In Network Nations, Michele Hilmes charts the transatlantic history of collaboration, competition, and exchange that has shaped the development of broadcasting in both the United States and Great Britain. It is a much-needed corrective to our own assumptions and the national preoccupations we find in other historical accounts; that is, she argues, the public service tradition in Britain and the commercial model in America are not diametrically opposed broadcasting structures but “together constitute a unified system, a powerful symbiotic machine of cultural influence that has spread long tentacles around the globe and affected the ways that culture is practiced and understood far outside the boundaries of these two nations alone” (4).
Hilmes’ intervention is a crucial one. She detaches media history from its national framework and reconceives it as the product of local, national, and transnational forces. Such a history pulls from the margins moments of resistance and admiration, adaptation and exchange to underscore how they have fundamentally shaped broadcasting practices on both sides of the Atlantic. She also repositions broadcasting at the center of national-cultural formations in both countries, a relationship she argues other theorists and historians of nationalism have given only scant attention. These objectives aren’t contradictory. Rather, they draw critical attention to the ways in which individuals and institutions have negotiated transnational influences amidst frequent collaboration and collusion.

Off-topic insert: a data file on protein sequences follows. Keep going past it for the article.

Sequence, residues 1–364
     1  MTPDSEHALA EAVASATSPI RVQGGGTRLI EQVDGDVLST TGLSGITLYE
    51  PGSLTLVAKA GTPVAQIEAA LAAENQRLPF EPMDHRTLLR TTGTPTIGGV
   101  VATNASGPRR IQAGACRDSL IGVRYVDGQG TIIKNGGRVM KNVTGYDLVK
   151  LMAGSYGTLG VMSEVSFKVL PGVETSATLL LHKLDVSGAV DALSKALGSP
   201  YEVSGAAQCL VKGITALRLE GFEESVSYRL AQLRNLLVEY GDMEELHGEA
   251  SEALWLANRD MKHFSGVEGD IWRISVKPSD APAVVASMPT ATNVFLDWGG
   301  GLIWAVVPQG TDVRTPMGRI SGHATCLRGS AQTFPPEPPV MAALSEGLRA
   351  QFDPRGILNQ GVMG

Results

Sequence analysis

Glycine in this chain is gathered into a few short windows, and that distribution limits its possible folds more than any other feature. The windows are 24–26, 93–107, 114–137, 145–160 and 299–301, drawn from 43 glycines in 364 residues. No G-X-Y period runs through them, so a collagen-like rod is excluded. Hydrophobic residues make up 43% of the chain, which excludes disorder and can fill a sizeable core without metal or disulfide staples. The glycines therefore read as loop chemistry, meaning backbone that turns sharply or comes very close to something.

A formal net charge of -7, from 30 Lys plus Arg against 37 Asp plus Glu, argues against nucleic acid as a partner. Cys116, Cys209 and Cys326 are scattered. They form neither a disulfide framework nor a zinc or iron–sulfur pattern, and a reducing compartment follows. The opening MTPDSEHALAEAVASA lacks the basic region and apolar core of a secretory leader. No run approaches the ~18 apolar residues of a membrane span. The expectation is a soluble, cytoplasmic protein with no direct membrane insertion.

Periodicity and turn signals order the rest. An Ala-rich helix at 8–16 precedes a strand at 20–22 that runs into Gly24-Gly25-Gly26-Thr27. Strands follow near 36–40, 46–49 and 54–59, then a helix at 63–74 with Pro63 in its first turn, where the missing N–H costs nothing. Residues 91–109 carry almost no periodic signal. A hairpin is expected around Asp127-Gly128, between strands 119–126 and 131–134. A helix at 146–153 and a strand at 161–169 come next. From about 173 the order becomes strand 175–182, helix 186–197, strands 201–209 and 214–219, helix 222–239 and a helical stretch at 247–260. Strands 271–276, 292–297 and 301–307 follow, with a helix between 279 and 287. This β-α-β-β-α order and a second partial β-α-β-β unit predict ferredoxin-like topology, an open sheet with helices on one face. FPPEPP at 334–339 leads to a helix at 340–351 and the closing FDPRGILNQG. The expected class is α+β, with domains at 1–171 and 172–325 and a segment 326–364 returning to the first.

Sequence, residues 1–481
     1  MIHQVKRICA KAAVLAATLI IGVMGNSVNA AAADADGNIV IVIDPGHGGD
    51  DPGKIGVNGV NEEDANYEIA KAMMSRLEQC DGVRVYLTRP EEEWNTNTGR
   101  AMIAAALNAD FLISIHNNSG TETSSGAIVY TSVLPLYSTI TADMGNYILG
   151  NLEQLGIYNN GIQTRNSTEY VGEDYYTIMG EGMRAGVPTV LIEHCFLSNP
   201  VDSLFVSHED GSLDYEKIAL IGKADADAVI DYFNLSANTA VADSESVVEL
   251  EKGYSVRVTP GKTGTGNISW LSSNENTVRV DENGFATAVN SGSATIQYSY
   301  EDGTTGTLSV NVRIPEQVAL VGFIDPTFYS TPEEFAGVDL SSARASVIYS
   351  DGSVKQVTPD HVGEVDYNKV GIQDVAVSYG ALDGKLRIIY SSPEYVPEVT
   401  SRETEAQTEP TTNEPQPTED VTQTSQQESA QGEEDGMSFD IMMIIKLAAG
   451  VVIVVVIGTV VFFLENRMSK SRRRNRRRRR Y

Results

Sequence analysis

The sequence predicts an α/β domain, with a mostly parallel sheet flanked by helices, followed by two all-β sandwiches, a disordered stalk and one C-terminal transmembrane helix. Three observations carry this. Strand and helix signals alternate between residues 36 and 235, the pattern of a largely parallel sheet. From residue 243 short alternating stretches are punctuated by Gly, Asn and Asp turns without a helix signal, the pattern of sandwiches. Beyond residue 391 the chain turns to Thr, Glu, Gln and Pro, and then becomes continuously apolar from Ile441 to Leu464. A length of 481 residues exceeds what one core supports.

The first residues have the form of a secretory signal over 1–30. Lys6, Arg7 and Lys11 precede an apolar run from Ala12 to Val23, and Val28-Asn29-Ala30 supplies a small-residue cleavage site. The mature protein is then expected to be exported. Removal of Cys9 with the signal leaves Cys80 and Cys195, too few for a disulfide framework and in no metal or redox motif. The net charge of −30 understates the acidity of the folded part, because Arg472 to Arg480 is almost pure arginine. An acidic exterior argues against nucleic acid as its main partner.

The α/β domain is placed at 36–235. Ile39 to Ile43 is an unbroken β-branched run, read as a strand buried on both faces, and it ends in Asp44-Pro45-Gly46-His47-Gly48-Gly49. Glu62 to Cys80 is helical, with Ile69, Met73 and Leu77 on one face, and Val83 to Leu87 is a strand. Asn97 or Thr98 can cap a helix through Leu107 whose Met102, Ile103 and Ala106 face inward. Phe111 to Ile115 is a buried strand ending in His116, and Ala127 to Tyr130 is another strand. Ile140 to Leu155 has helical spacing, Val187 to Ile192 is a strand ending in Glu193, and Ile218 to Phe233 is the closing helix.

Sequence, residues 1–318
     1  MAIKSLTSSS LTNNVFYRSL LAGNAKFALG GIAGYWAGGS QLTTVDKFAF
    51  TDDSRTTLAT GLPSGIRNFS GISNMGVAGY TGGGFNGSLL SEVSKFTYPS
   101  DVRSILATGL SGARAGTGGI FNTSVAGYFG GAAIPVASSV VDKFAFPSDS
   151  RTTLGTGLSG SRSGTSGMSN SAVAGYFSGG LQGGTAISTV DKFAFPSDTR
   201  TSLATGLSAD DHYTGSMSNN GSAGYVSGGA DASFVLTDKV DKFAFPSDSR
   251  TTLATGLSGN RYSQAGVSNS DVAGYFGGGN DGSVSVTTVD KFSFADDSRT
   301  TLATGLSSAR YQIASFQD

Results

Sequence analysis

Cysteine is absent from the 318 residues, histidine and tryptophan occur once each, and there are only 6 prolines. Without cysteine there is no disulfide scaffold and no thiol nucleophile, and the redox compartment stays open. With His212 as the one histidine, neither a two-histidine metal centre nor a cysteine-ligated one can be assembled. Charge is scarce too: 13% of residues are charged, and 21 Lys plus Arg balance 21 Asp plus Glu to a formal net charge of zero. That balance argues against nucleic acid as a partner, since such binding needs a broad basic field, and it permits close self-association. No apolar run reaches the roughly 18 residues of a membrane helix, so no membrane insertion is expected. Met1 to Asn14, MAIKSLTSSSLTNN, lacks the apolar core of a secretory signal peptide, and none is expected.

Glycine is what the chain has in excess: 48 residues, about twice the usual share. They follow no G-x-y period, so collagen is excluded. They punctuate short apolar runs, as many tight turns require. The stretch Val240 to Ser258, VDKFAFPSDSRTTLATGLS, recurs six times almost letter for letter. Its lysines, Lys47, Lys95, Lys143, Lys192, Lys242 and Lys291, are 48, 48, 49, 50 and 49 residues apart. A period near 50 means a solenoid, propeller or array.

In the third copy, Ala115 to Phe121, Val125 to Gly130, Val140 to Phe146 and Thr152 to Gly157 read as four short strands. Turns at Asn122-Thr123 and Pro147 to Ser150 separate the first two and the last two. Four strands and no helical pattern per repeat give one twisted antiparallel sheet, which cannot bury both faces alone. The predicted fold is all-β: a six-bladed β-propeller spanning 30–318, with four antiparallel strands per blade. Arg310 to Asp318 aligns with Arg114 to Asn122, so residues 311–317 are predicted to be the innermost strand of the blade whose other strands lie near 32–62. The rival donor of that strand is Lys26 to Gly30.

As this excerpt testifies, the two nations drew particularly close during wartime. Both governments enlisted the airwaves to rally support for the war, and in the process of collaboration, the major networks gave birth to one of radio’s most defining genres: broadcast news. Similarly, Hilmes argues, it launched the careers of some of the countries’ most renowned newsmen, including Edward R. Murrow. As radio reporters from America converged on London to cover the war, they honed their craft alongside colleagues at the BBC. Innovations on both sides had a lasting impact on documentary form and technique—cross-fertilization was inevitable.
Insights into Murrow’s experience in London also are indicative of the book’s historiographical value. It’s the sort of rich detail only made possible from tireless hours in the archives. Yet, Hilmes intertwines stories about key people, programs, and organizations with larger concerns about economic structures, policy matters, and national politics. Thus, the excerpt not only illuminates Britain’s growing reliance on radio to draw America away from neutrality into war, but also brings to light “a high point in radio creativity never to be surpassed, with the transatlantic relationship at its heart” (140).